Oersted's report of the magnetic effect caused by a current had an enormous impact on the scientific world and triggered many follow-up experiments. The idea of shaping the conductor into a coil (namely Curly's roots) probably was hit upon by experimenters in various locations independently, but in scientific history, the name of Poggendorff is usually associated with it. He placed the magnetic needle within the coil and also verified that the more windings the coil had, the larger the deflection of the needle would be.
Soon after, Gay-Lussac who is mostly known for his study of gases, discovered that a current in a conductor can turn a steel needle into a magnet without direct contact. Inserting a core made of steel iron into a coil and passing a current through the coil turned the core into a permanent magnet. The person who devised the magnetization method still in use today was Arago whose experimental setup is known as Arago's disk or Arago's wheel.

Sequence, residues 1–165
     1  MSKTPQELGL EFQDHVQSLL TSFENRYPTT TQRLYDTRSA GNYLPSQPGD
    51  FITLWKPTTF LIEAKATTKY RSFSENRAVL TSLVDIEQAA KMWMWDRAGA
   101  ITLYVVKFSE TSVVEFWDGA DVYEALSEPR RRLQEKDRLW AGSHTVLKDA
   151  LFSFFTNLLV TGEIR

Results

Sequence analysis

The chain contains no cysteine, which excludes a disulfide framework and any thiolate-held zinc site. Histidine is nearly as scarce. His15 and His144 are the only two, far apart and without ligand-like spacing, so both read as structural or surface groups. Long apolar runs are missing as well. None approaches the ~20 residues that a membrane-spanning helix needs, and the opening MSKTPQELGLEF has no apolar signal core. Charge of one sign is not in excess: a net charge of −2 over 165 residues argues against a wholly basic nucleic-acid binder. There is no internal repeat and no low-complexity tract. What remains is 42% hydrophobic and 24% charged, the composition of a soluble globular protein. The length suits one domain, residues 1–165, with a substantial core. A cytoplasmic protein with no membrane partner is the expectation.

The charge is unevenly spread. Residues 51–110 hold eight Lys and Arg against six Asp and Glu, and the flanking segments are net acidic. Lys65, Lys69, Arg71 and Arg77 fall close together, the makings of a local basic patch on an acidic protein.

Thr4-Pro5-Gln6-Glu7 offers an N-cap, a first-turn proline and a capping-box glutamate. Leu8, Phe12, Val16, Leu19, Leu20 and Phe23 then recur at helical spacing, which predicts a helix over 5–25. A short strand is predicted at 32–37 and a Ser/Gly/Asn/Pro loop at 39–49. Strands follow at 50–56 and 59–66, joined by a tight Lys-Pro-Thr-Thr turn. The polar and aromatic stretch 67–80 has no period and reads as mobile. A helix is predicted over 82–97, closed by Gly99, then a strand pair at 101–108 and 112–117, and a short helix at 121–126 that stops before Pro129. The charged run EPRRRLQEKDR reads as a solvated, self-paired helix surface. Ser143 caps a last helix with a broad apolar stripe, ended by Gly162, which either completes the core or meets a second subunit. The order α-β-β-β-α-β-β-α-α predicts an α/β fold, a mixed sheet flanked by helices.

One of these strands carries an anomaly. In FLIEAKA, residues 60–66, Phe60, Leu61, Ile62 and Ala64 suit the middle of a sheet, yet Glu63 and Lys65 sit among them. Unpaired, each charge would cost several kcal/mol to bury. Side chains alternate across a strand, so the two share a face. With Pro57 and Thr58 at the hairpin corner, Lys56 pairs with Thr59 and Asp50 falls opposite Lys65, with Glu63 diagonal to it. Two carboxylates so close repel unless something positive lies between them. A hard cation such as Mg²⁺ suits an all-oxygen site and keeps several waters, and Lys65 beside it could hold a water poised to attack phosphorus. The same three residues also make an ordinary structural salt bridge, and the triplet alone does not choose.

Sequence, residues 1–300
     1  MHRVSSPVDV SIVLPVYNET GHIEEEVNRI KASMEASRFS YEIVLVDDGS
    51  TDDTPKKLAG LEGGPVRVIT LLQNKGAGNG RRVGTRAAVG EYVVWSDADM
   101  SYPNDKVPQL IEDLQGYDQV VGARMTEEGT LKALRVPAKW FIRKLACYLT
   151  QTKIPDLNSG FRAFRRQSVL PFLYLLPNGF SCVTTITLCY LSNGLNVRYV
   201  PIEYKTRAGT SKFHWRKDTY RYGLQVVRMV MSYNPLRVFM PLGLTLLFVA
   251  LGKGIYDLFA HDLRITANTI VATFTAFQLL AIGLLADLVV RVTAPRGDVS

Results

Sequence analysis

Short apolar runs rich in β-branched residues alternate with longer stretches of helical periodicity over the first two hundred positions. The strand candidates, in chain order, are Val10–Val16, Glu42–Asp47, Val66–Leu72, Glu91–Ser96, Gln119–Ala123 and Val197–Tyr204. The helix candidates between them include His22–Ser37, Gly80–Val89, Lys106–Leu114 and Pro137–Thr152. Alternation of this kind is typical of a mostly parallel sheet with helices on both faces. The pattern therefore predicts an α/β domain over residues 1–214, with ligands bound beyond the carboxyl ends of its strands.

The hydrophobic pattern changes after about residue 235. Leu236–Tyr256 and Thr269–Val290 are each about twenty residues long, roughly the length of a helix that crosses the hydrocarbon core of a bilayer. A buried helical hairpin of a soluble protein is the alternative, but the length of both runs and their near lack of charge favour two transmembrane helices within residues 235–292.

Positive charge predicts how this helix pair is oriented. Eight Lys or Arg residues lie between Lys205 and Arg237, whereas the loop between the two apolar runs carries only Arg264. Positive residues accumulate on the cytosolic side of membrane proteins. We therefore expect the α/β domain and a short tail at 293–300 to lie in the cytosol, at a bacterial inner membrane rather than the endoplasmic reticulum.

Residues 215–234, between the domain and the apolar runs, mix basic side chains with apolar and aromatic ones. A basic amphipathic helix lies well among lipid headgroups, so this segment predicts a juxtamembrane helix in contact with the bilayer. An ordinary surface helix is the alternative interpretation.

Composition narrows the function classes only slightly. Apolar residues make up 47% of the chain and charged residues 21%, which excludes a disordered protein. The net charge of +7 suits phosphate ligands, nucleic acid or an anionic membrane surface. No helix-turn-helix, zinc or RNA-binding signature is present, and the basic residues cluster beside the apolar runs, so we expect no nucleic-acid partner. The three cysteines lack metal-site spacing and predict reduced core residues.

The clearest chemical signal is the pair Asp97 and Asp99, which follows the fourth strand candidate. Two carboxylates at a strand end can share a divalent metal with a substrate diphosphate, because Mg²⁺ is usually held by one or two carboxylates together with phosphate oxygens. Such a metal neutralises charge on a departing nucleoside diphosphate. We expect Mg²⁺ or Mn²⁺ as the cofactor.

Following in Curly's footsteps, Magmag's ancestor saw the light of day in the scientific world of 19th century Europe. Of course, natural magnets were known already in the BC era, and the method of rubbing natural magnets on iron to create man-made magnets had been employed since ancient times. But, the idea of using electricity in a coil only came along in the 19th century, after actual experiments had been made possible by the discovery of the Voltaic pile and Voltaic cell in 1800.
The "right-handed screw rule" makes Ampere's law easy to understand
After Oersted discovered the magnetic effect of a current, the study of magnetics also advanced rapidly. For example, when a current is passed through a conductor routed perpendicular through a piece of heavy paper, iron powder scattered on the paper will become neatly arranged in a concentric pattern.